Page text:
Saturday, April 11, 2015

Port Orford, Our Gem on the Oregon Coast

Odometer  48102 miles
Trip Meter  199 miles

Wednesday April 8, 2015

More than a little excitement this morning.  Nearing the end of our 26 day 3,500 mile oddesy from Ajo, Arizona east to Dallas, Texas, then north and west back to Oregon.

We slept in till 8:30 today and got off to a normal (late) start at 10:30 this morning on the last leg of our trek "home" to our summer place on the Oregon coast at Port Orford.

We have two main choices of routes we can take to get from here to Port Orford.  One route is up the freeway to Winston, south of Roseburg, where we could head west to Bandon on the coast and then 25 miles south to Port Orford.

The other route is to jump off I-5 at Grants Pass and head west on US highway 199 which dips south into California along the Smith River reaching the coast at the small town of Smith River, CA where we follow US 101 "The Coast Highway" north to Brookings,OR and eventually to the towns of Gold Beach and Port Orford.

This morning we choose the coastal route.  We pack up and check tire pressures in a light misting rain.  Back out and hook up the car, check lights and auxilliary brakes, before getting onto I-5 heading north.

We have made this trip so many times that the bus seems to know the way.  The scenery,however, will never become boring.  While working the last 27 years of our careers, Joan and I often escaped over this route to weekends and RV vacations along the southern Oregon coast.

There is one mountain pass to climb on the way from the Rogue Valley over the Coast Range to the Pacific Ocean. Oregon Mountain pass is only 2100 feet high thanks in part to a 575 foot long tunnel near the summit.  The tunnel is high, wide and well lighted.  The Tunnel shortened the road by 3 miles and eliminated 128 turns and 3 switchbacks.  This morning it looked like a light snow had fallen overnight, but the temperature had climbed into the 50s as we stopped at the rest area for lunch.  One encouragement, the skies to the west were showing patches of blue sky and sun.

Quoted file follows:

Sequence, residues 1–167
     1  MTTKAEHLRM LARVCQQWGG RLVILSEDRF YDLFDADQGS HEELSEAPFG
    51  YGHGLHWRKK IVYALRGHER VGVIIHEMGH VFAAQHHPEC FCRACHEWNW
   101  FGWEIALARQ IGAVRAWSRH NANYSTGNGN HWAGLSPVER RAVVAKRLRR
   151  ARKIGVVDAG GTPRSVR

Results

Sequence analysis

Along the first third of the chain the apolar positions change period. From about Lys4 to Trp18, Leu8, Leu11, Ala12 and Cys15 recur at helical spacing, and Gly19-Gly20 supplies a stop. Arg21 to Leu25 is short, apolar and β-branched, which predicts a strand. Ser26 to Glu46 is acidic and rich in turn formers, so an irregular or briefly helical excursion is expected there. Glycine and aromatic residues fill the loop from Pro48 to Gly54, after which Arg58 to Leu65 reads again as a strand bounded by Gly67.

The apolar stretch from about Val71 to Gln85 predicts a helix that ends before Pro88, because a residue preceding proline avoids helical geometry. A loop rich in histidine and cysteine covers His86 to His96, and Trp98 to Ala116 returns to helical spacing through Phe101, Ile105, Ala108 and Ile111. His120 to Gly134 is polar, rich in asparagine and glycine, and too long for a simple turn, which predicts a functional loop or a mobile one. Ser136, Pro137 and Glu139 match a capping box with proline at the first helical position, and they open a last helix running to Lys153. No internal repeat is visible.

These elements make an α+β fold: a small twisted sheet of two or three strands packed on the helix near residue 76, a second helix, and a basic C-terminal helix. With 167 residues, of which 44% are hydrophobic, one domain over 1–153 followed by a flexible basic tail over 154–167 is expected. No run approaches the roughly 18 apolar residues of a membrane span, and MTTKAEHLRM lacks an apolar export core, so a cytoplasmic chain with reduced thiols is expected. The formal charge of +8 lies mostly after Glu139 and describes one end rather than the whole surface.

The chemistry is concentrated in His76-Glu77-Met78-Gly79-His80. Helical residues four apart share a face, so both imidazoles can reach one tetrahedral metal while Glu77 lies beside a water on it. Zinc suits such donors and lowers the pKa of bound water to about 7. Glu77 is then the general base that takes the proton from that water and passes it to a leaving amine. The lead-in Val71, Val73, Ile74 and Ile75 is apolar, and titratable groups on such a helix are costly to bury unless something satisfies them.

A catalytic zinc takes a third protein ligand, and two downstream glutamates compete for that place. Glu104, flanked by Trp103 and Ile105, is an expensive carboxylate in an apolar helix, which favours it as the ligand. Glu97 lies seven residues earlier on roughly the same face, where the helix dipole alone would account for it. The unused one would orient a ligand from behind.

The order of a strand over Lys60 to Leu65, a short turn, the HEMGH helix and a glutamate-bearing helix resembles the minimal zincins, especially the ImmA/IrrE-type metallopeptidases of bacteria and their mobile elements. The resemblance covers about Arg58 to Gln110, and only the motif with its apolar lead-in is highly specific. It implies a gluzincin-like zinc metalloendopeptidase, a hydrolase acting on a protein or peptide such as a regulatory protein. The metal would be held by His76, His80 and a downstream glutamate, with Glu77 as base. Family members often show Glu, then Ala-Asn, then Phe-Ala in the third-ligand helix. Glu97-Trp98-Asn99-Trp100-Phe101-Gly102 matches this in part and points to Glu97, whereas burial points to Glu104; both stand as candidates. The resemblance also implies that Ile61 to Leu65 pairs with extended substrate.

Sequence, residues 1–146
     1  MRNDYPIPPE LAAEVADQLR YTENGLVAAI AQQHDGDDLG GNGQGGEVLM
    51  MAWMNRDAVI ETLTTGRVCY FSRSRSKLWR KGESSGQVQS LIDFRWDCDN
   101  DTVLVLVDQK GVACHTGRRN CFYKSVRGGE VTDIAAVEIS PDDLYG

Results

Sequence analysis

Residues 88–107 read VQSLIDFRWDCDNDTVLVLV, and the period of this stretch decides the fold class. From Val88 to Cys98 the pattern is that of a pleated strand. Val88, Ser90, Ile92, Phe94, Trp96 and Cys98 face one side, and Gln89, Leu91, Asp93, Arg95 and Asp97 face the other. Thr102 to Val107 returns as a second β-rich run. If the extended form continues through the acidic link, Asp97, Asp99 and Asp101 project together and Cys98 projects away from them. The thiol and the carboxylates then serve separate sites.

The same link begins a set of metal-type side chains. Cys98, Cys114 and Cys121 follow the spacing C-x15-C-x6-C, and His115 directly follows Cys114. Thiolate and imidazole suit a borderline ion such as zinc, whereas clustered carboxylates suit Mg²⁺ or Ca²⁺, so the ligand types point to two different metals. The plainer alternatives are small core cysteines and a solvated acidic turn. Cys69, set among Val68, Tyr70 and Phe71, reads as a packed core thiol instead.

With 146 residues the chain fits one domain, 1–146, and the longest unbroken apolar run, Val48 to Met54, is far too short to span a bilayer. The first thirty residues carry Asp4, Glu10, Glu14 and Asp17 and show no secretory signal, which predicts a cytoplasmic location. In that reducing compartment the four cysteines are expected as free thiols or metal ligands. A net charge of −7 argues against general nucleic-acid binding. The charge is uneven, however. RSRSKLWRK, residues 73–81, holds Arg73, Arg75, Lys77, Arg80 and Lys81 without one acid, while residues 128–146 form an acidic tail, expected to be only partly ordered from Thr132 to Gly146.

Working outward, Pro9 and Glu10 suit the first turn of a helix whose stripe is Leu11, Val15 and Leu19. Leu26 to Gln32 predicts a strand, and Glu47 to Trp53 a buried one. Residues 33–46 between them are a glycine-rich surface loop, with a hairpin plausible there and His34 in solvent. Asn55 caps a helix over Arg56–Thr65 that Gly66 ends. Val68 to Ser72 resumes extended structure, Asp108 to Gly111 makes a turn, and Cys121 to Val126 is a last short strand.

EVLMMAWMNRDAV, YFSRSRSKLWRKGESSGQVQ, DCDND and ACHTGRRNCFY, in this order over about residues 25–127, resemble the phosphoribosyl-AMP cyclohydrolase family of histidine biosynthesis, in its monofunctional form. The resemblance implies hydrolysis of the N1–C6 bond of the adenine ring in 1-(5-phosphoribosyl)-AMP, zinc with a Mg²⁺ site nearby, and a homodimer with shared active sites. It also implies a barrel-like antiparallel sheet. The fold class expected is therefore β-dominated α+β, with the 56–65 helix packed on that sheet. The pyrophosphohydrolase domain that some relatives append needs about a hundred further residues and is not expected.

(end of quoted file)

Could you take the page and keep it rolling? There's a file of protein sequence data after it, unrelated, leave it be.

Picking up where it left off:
US 199 is designated a NationalScenic Byway by the Department of Transportation- and it really deserves this accolade.

If you are driving a big rig this route to the coast is not for the faint of heart.  The road surface is very good, however there are many places where there is virtually no shoulder and the edge of the road will drop off down a steep embankment or off into the river below.

Rock outcroppings and Redwood trees can narrow your lane to just 12 feet- no more. This one spot in the road is just north of Patrick's Creek and it is etched in my mind.  Twice before I have had "encounters" in this narrows.  Several years ago I was on the outside lane heading east back to Medford, when I met a semi coming west who was a little over the line on my side.  The guardrail kept me from giving him any more of my lane. At a complete stop we had to "dance" our mirrors past one another, before either of us could continue.  There are only two sections of several hundred feet that are like this, and heavy truck traffic is light- so the risk reward still favors the reward side of the equation.

Smith River gorge near Hiouchi, CaliforniaThe Smith river is only 25 miles long.  It starts and ends in Del Norte county.  It is the largest river system in California that flows freely along its entire course.  The river's rocky streambed tends to keep the water free of suspended silt or organic material.  This accounts for the crystal clear and icy blue color.

Redwoods along California Highway 197

US 199 also know as "The Redwood Highway" has the advantage of passing through one of California's premier Redwood groves.  As we pass through the small town of Hiouchi ( hi-ooch-ee) Hwy 199 enters the Jedediah Smith Redwoods National and State Park.  The park is cooperatively managed by both the US Park Service and the California Department of Parks and Recreation.